Anyway I thought it was an interesting read that sheds some possible light onto our relationship with dogs. Who, by the way, not only drool but rule.
    I agree that the more amicable animals were favored by humans which led to domestication, as southernhybrid stated as well, but it seems that as we have taken ourselves out of nature, we have taken dogs out too. Dogs still have a lot of pack instincts: hunting, running, very social - Perfect for paleolithic nomadic tribal life where they worked, lived and slept with or near their people.

    Some dogs live close to their people without being penned up all day waiting for someone to return. I fear a lot don't. Others have been bred so drastically unlike their ancestors, mostly to adapt to more modern lifestyles (I think) that they have serious health issues. I've known of dogs who spend a big part of the day in a cage waiting for someone to come home.

  10. Top | #10
    Fair dinkum thinkum bilby's Avatar
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    Quote Originally Posted by JohnG View Post
    Quote Originally Posted by laughing dog View Post
    This piece (http://www.startribune.com/dogs-huma...est/565557152/] suggests
    B which leads to

    .

    Anyway I thought it was an interesting read that sheds some possible light onto our relationship with dogs. Who, by the way, not only drool but rule.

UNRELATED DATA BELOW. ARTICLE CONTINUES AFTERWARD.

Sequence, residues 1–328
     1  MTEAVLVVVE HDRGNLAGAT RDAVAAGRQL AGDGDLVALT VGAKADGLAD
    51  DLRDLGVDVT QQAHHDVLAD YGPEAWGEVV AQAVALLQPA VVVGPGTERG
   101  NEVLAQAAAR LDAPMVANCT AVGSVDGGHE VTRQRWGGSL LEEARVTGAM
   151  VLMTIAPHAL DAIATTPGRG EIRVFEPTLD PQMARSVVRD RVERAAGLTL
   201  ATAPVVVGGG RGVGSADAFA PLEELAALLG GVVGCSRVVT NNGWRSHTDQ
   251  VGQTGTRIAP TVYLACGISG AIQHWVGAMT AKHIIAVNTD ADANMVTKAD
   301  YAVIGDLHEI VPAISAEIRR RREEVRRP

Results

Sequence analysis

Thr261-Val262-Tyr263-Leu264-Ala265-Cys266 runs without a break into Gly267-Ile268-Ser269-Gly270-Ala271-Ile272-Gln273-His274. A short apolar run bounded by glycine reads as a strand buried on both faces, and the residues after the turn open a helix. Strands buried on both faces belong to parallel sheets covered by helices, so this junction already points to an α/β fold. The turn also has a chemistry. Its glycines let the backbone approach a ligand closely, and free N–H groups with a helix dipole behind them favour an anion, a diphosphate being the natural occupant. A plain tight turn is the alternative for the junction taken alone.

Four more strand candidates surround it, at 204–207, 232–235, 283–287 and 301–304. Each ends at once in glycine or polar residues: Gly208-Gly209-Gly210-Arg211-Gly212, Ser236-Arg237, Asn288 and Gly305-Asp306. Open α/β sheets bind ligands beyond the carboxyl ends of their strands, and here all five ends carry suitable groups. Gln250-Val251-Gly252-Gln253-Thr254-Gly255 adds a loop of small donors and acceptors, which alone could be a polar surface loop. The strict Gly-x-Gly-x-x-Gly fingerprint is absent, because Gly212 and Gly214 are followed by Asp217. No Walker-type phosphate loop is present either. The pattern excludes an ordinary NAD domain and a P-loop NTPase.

I agree that the more amicable animals were favored by humans which led to domestication, as southernhybrid stated as well, but it seems that as we have taken ourselves out of nature, we have taken dogs out too. Dogs still have a lot of pack instincts: hunting, running, very social - Perfect for paleolithic nomadic tribal life where they worked, lived and slept with or near their people.

    Some dogs live close to their people without being penned up all day waiting for someone to return. I fear a lot don't. Others have been bred so drastically unlike their ancestors, mostly to adapt to more modern lifestyles (I think) that they have serious health issues. I've known of dogs who spend a big part of the day in a cage waiting for someone to come home.
    We have taken ourselves out of nature, because on the whole, nature sucks.

    Sure, there are problems associated with our artificial environment; But on average, it's FAR superior to the natural environment we left behind.

    And that's true for dogs as much as it is for us. Neither my dogs nor myself need to go a day or two without food. We don't get wet when it rains, or suffer the heat in midsummer or the cold of wintertime. We are not hunted by predators, and we can live in one spot for years without finding ourselves up to the eyeballs in our own faeces.

    Nature isn't synonymous with goodness; And our artificial environment is whatever we make it to be. Suffering and cruelty occur in both environments, but suffering even without cruelty is the hallmark of nature.